[This post is part of a series: Piaget, Dewey, and Vertical Learning.]
Consider cognitive dissonance for a moment. You have a theory that you think is accurate. But now you have to admit to being wrong: your theory is inaccurate. You may have held that theory for years. Other theories may be based on it. It may be central to your world view. It may have taken years for you to develop and you may be immensely proud of it. And now you have to let it go.
When Alec prompted me to reexamine Piaget and Dewey, and I realized that I needed to revise my understanding of their theories, I was happy. I’ve learned to recognize cognitive dissonance as an opportunity for growth and new learning. But that is a learned response. At a much deeper level, cognitive dissonance is still a powerful blow to the ego. Alec and I get together every few months, and I enjoy our conversations because he challenges me to think in new ways. But if he was challenging me daily or weekly, I might grow to resent it. I have resented it. I resent it when I feel like I’m not challenging him in the same way, or when I feel like revising my thinking isn’t enabling us to interact at a higher level. In other words, I resent it when I feel like a little kid learning at someone’s knee and I’m not making much progress.
Alec and I are peers, so that affects how I experience that relationship. Sarah has been my coach for two years. Even though there is no expectation that she will learn from me as I learn from her, it is important to me that she has. But more important is my sense that I’ve been able to internalize the things that I’ve learned, which enables us to take on work that has a much wider scope and impact.
When I first hired Sarah, I had concrete goals in mind. For example, I had the opportunity to pitch one of my ideas to a hundred people in the edtech community. I wasn’t that worried about the pitch itself, but I was scared of the networking that would follow. Sarah suggested that I take some time to think about who I wanted to be at the event and to visualize what that would look like. I then made a plan for myself. While the evening didn’t go exactly according to plan, it went well. At past networking events, I would try to decide what to do in the moment. As the wheels in my head spun, I probably looked like a deer in headlights. By developing a plan ahead of time, I took a lot of thinking (and second guessing) out of the equation and let my reflexes take over. I felt active instead of passive, and this carried over into the energy I brought to each interaction.
If all we had done is work through my concrete goals in a year, I would have considered my time with Sarah very well spent. But as we worked together, I was emboldened to stretch farther and farther, to goals that I had put on the back burner years ago and to goals that I had never even admitted to myself. After working through less than half of my concrete goals, I knew that I had the tools to finish those goals myself and I started setting my sights on bigger targets.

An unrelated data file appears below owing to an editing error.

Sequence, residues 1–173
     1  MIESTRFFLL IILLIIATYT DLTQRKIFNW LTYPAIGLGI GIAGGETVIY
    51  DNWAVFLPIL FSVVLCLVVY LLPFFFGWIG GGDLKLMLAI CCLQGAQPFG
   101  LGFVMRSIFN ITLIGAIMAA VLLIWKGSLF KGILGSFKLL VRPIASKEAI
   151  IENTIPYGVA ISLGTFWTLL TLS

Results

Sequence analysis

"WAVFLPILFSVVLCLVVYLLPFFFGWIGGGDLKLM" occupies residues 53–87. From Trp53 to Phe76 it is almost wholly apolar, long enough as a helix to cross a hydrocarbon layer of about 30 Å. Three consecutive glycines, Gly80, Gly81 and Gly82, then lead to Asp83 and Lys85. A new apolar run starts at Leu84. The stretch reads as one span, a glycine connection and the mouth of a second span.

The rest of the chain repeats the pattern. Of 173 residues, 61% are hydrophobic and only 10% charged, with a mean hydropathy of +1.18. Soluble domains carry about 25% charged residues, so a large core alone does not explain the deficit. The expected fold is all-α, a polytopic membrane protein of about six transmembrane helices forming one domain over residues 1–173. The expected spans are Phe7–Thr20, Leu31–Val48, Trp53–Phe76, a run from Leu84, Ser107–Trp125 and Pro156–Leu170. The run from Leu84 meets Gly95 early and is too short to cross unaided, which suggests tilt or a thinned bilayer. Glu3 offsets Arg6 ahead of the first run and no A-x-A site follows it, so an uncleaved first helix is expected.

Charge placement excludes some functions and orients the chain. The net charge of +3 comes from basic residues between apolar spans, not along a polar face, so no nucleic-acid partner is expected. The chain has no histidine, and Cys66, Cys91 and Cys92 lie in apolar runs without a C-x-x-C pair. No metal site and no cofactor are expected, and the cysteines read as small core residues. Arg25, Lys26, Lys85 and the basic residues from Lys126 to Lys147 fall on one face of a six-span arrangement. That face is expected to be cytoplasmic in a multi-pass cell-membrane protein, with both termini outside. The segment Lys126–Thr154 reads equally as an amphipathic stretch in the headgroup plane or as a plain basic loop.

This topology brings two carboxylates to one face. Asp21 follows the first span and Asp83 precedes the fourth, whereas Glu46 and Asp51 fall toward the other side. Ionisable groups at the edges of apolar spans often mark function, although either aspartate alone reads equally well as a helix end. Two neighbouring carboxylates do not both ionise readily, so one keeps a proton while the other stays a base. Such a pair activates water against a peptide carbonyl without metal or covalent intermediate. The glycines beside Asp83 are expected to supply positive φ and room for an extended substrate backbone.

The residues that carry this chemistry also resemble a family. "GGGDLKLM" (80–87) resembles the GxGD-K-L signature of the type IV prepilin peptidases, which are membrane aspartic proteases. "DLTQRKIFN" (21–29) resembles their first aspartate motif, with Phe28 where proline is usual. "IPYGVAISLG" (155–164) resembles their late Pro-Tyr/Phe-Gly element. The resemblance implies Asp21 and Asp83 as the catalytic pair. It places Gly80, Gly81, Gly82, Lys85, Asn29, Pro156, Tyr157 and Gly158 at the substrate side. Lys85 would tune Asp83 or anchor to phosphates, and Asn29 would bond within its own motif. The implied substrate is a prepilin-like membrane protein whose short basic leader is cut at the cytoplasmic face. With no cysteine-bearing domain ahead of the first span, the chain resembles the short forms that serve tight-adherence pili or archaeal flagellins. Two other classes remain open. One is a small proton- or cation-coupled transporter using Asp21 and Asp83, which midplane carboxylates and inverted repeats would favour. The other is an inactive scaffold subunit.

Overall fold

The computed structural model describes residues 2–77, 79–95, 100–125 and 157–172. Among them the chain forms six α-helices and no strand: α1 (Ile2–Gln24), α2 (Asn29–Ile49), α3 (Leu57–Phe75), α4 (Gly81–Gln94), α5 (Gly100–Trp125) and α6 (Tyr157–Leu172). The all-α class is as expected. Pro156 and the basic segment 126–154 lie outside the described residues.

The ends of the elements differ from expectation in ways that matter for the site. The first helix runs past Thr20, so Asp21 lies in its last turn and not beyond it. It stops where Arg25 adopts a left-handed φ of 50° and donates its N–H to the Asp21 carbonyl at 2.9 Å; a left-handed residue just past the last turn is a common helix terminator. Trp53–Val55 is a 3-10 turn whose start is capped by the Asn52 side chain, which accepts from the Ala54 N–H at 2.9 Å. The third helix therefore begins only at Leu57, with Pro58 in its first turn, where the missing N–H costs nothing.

For decades, I have known that I’m at my best when I’m in the moment. I can be very analytical and tend to over think things, hampering my ability to act. When I can turn off that part of my brain for a little while and just be, I’m smarter and happier. There’s always been some tension between the spontaneous person I envision myself to be and the work that I’ve done with Sarah to be more intentional and to use pre-planning to break away from default patterns. I haven’t experienced cognitive dissonance because I’ve viewed this work as transitional: in the future, once I’ve broken old habits and established new ways of being, I’ll be present with myself enough to make all of my decisions in the moment. But recent experiences have made me question that.
It is hard to be in the moment when thinking about everything at the same time. It is hard to work on this blog post if I’m thinking about whether or not blogging is my best, most strategic use of time. And it’s probably not the best time to re-open that discussion when I’m in the midst of struggling with a difficult thought or passage. So how do I know what to think about when?
A week ago, Sarah gave me a little nudge that made me see things differently. What if it’s not about my conscious mind knowing when to plan and when to be in the moment? Maybe it’s about integrating the different parts of myself. At times, I feel like the different parts of myself are battling for dominance. This cacophony makes it hard to function and I rarely feel at peace with my decisions. I’m often happy with an experience after I’ve had it, but almost never happy going into it. This battling takes a huge toll on me. But maybe the parts of myself are battling because they don’t trust that they will get what they need when they need it? If I feed the parts of myself whenever they stand up, maybe they will be happy and learn to manage themselves. This is a new line of thinking for me, but it makes sense. I’m running some experiments to see how well my experiences fit this new mental model.
I wouldn’t have been receptive to Sarah’s nudge if we hadn’t built trust over the years. But I wouldn’t have trusted Sarah if I didn’t sense that she was capable of nudging me in the right places. Being in a state of constant cognitive dissonance is difficult, even when you know that it is good for you. I would say that it is impossible unless you can sense yourself growing and taking on more things. If there was any hint that I was dependent on Sarah and not growing, I would resent and reject her nudges, and our coaching relationship would break down. To be in a state of constant cognitive dissonance, we need to experience agency and growth.